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Formula 1

Aston’s ‘new normal’ in F1 depends on key external ingredient

by Scott Mitchell-Malm
7 min read

Aston Martin’s new normal has been showcased to two extremes over the last Formula 1 two races.

In Monaco, the team’s joint-best result (second) ended in extensive debate over whether it had actually blown a shot at victory. Podiums are expected now, so a great result was borderline par for the course – the focus instead was on whether it should have been better.

In Spain, the team lost second place in the championship because of its least competitive weekend so far. Measured against that new podium expectation, it was a disaster (despite still being a bigger points haul than Aston Martin earned in any race in 2022).

Aston Martin F1 Spanish GP

In between the best and worst results of Aston Martin’s season, in conversation with The Race in the Barcelona paddock, team principal Mike Krack considers the uncompromising reality of F1 – his team has journeyed from being one of the worst-performing this time last year to a stunningly impressive underdog just a few races ago and must now measure up to the standards of a bona fide frontrunner.

“That is how racing is,” he smiles. “You need to rescale your ambitions.

“But I think it’s also important that you never forget where you come from and what your targets were.

“And even if you overdeliver on targets, you have also to consider that the year before we were underdelivering on target.

“This situation can happen again. So, I think it is our task also to dampen a little bit the year-by-year ups and downs, and try to really see over a period that there is an improvement.”

Monaco proved a great test of that. Krack acknowledges that while it’s good to be disappointed by a failure to win, it’s also a necessary challenge to recognise its progress is part of a bigger picture.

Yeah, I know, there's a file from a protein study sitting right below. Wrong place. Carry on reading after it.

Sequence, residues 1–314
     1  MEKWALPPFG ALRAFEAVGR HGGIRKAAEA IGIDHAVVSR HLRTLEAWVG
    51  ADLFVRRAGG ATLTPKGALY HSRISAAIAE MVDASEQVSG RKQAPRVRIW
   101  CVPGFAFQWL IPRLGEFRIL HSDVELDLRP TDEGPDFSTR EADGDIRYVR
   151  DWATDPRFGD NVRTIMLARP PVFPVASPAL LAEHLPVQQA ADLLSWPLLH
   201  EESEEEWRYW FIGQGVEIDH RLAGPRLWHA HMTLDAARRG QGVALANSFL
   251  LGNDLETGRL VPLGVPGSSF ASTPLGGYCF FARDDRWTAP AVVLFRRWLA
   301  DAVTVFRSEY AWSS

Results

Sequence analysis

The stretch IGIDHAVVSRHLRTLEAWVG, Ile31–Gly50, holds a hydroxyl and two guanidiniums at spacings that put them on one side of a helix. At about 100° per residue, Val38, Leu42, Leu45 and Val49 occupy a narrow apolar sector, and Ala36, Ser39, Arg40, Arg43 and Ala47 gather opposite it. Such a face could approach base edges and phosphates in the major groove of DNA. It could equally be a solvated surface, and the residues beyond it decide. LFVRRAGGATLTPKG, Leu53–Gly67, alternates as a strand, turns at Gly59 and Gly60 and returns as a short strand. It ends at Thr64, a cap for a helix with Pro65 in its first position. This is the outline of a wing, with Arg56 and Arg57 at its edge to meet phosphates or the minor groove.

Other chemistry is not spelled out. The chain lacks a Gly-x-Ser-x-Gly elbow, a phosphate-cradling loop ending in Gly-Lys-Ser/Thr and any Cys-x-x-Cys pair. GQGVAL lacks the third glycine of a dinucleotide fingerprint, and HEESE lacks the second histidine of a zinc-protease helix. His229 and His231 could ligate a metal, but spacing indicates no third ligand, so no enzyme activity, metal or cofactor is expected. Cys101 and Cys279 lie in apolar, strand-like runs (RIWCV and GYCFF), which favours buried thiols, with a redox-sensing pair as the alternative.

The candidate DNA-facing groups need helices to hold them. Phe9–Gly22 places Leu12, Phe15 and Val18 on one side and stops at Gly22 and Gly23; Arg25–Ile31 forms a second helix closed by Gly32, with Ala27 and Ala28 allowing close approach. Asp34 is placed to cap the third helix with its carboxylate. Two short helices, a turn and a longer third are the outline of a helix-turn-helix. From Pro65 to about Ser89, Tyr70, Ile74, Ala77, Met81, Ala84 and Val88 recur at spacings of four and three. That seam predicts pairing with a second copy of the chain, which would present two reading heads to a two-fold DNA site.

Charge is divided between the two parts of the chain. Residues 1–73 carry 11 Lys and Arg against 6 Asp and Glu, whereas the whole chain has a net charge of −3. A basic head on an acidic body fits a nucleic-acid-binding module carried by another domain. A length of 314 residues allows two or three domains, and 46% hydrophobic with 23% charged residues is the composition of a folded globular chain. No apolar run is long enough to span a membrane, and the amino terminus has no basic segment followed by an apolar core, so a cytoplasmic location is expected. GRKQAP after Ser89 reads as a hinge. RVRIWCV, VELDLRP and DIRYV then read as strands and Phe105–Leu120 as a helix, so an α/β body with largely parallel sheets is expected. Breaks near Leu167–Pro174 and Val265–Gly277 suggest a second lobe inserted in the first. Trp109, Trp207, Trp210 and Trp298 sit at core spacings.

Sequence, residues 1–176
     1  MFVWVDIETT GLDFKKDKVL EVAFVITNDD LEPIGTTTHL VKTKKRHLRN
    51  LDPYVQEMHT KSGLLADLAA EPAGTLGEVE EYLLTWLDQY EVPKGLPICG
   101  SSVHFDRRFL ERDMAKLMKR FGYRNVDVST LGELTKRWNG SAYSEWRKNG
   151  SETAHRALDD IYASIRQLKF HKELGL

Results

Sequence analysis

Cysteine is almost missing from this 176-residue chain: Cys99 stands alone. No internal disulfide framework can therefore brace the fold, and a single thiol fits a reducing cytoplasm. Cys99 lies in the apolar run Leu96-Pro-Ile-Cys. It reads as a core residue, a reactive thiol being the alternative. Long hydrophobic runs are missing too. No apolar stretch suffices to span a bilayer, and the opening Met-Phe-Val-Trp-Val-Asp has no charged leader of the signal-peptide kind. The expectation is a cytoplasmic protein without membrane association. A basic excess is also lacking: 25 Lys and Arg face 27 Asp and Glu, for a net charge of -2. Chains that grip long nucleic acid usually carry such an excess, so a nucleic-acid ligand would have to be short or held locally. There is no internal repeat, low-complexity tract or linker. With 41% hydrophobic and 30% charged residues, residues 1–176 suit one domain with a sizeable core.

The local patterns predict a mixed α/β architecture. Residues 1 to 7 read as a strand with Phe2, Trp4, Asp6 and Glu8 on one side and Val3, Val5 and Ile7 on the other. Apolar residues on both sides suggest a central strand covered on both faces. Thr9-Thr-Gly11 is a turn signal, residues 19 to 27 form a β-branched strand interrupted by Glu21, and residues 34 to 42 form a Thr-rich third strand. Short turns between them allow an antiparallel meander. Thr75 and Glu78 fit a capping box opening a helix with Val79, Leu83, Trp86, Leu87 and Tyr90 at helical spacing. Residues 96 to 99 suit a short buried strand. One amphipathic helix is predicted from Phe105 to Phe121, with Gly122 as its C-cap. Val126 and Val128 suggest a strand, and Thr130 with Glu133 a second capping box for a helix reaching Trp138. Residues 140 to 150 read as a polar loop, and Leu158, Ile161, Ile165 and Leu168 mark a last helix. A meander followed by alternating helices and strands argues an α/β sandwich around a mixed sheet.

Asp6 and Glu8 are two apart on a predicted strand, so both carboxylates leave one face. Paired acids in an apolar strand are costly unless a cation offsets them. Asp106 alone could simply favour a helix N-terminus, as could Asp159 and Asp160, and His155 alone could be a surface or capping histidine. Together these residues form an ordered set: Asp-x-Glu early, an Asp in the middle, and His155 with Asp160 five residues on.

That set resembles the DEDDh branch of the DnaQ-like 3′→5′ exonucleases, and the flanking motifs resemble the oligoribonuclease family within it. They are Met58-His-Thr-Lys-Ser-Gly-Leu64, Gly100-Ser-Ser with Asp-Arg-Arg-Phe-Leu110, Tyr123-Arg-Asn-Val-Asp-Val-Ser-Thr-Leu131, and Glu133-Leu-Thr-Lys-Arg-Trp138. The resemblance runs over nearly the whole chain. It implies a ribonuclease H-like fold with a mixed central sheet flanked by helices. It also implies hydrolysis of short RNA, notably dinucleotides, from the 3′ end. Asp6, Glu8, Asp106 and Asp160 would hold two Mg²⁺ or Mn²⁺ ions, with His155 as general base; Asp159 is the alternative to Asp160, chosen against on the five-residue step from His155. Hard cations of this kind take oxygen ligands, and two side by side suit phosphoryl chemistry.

“With all the post-race analysis that we do, that the media does, that Twitter does, and that everybody does… at one point, you have to zoom out,” Krack says.

Mike Krack Aston Martin F1

“There’s always the hindsight and the should have and could have. But if you zoom out and you realise that we are, first of all, discussing why we didn’t win, and second, that we had a free pitstop to some of the major competitors, it shows that we were in a pretty good place.

“Now, obviously, everybody wants to win the Monaco Grand Prix. But it shows where we come from. And I’m happy to have this discussion than [one on] why we did not finish eighth!”

It’s typical of Krack’s calm and level-headed nature – the mark of an engineer – and he is not one for hyperbole.

Seeing the positives is his priority in such circumstances. He thinks “this is more important than the single race”.

It’s easy to shrug off a disappointment if you shift the focus onto ‘ah, but how well are we doing to be in this position?’. But that’s not the Aston Martin story.

The fact is relative disappointments like Monaco and genuine letdowns like Spain do show how far the team has come, but they also show how relentless F1 is. Both things are true.